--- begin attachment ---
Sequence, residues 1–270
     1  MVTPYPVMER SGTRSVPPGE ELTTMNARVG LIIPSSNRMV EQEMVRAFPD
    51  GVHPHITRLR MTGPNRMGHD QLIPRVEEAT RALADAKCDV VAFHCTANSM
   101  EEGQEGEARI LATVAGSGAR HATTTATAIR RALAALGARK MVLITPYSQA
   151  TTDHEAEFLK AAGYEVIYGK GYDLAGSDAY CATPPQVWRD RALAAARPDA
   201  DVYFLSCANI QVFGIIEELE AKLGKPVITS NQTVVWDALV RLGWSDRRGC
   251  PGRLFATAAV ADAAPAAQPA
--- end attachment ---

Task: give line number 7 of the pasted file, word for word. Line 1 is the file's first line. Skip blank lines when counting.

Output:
   251  PGRLFATAAV ADAAPAAQPA